Netflix spoke of aggressive international expansion ambitions in January, and a major step towards its two-year globalization plan was taken today when its video-on-demand service went live in Australia and New Zealand.
Those launches are notable for being Netflix’s first moves into Asia Pacific, and it is planning to follow up with an entry into Japan, which is slated for this coming fall.
Customers in Oceania can pay A$8.99 (US$7) per month for standard access to its catalog. HD and 4K quality streams are charged at A$11.99 (US$9.40) and A$14.99 ($11.77) respectively.
Those in Australia will suffer from a somewhat streamlined selection of content, initially at least. The Sydney Morning Herald reports that the Australian/New Zealand service offers 220 TV series and 900 movies, compared to 940 TV series and 6,170 movies in the U.S.. That’s down to Netflix’s efforts to secure release rights in Australia, which are still in their early stages. There are, however, “several hundred” titles that are unique to the region, and the company has said that it is working to beef up the selection for Australians and New Zealanders.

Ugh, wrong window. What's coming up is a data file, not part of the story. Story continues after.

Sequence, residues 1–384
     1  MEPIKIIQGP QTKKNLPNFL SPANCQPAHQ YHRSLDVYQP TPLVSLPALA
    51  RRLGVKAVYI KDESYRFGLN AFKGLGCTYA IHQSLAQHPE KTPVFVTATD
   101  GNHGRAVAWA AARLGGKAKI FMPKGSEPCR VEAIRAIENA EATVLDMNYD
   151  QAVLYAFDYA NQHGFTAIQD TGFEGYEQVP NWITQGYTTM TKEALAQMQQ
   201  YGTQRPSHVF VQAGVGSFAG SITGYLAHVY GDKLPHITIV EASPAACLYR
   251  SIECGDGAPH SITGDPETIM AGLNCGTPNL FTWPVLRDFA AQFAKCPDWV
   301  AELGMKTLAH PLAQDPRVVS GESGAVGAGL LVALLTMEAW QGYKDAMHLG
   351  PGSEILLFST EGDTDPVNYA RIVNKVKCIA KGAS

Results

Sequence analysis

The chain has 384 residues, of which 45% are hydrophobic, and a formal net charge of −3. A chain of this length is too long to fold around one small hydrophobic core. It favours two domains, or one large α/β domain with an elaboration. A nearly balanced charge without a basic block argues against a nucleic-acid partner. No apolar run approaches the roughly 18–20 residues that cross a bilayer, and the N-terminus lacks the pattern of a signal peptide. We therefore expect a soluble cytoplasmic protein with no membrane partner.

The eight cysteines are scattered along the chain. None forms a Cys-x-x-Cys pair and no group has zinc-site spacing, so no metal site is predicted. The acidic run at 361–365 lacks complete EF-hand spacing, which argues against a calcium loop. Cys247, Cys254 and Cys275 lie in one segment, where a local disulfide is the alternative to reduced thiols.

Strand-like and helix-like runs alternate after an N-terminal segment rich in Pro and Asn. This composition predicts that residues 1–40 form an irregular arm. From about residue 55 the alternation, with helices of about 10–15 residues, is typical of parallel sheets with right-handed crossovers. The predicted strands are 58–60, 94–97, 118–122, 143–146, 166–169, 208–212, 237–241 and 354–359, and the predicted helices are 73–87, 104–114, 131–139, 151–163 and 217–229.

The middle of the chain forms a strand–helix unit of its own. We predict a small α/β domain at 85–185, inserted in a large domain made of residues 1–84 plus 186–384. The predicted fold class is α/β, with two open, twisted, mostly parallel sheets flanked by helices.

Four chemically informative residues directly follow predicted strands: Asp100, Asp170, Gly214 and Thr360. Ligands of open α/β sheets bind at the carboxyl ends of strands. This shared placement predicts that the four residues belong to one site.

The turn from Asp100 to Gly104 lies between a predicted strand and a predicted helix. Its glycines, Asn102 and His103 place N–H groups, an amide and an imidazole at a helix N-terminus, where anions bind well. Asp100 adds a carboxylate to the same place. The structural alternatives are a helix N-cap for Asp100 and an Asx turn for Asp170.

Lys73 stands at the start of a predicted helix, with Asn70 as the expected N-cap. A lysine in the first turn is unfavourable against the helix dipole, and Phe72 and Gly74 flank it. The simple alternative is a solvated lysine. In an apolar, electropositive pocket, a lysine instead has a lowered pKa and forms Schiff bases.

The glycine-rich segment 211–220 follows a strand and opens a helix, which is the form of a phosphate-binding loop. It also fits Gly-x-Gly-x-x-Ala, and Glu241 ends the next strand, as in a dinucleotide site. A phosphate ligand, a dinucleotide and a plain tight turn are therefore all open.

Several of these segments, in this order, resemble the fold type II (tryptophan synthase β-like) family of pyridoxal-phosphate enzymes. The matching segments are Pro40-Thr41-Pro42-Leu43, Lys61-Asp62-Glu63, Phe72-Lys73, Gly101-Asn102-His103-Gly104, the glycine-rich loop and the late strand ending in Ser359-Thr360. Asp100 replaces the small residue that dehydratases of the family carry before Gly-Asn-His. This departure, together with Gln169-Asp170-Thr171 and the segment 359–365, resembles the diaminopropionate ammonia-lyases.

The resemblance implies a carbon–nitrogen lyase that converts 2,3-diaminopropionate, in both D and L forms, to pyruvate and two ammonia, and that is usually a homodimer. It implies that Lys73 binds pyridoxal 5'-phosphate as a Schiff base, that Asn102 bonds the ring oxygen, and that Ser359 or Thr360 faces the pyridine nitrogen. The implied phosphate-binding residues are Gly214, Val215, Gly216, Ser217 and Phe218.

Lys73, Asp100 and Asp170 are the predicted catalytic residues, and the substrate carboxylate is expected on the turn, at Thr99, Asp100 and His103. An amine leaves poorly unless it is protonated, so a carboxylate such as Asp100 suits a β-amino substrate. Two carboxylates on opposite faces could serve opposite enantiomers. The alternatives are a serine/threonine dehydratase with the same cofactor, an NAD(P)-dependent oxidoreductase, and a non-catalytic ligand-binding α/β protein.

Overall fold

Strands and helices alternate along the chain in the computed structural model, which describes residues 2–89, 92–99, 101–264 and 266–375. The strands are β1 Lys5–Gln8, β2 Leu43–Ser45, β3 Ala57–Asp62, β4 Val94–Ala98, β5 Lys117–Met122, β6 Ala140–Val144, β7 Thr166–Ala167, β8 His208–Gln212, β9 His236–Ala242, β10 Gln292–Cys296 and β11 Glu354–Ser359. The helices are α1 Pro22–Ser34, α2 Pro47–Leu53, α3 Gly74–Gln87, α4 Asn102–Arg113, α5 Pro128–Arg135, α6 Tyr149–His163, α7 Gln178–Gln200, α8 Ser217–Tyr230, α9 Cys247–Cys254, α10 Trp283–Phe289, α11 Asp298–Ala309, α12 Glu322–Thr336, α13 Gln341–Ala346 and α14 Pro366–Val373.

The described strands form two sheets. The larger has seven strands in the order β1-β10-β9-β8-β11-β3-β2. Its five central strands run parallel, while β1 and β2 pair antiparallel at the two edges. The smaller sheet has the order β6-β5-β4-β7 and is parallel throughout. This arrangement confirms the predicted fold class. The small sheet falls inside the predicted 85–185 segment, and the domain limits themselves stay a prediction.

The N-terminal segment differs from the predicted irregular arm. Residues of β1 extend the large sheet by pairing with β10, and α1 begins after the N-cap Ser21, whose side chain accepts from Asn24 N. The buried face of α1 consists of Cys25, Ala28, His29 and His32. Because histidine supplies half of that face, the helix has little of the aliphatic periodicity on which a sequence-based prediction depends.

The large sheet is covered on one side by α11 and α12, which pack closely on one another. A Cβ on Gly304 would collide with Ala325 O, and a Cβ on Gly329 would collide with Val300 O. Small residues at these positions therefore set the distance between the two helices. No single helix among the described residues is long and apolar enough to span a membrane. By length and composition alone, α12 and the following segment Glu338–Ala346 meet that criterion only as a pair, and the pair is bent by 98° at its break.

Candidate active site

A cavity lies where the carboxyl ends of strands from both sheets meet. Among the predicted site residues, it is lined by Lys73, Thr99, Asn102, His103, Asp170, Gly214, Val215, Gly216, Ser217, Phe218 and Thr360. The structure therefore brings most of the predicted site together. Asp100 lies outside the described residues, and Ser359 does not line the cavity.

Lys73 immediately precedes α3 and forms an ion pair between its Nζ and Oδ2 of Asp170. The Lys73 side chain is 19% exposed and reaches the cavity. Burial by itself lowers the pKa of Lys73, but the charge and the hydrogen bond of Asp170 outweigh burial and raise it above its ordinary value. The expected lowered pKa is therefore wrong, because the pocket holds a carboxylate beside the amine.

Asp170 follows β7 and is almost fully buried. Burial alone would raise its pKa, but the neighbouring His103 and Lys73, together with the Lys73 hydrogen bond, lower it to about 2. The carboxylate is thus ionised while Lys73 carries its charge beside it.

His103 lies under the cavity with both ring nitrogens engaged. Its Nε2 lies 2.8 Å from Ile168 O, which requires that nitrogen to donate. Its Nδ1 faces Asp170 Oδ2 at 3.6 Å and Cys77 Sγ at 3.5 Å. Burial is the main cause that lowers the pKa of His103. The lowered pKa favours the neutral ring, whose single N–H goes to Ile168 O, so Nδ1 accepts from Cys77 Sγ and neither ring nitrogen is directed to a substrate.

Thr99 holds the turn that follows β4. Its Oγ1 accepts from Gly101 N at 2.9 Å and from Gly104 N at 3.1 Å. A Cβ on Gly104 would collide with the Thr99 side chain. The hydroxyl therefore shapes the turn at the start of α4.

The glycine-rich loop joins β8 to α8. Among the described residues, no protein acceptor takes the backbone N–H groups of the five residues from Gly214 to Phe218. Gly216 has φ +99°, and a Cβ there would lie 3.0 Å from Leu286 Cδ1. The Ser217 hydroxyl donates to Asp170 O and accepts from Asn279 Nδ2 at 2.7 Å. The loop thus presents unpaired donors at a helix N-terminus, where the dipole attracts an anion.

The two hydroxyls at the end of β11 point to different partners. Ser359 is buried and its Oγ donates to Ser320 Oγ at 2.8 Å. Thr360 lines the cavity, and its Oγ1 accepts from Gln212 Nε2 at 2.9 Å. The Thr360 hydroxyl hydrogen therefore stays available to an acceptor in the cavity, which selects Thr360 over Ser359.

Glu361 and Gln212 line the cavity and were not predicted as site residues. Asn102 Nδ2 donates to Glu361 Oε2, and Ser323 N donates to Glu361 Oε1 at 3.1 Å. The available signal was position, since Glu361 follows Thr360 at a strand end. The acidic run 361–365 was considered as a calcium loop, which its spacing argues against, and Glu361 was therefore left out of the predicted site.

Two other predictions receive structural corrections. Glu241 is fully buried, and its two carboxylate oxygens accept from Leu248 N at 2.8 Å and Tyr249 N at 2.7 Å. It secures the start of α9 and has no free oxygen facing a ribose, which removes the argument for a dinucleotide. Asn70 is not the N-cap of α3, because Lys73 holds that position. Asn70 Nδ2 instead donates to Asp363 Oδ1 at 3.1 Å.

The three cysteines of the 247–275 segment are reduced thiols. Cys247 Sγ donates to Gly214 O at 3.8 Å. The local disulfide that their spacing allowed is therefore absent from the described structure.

Asia looks like it will be a major focus for Netflix as it embarks on a quest to reach 200 countries worldwide by 2017. It won’t be without competition in the region, as 2015 has already seen two new video-on-demand companies surface. Operator Singtel partnered with Sony Pictures and Warner Brothers to launch HOOQ in Southeast Asia, while iflix is another newly created competitor with regional aspirations.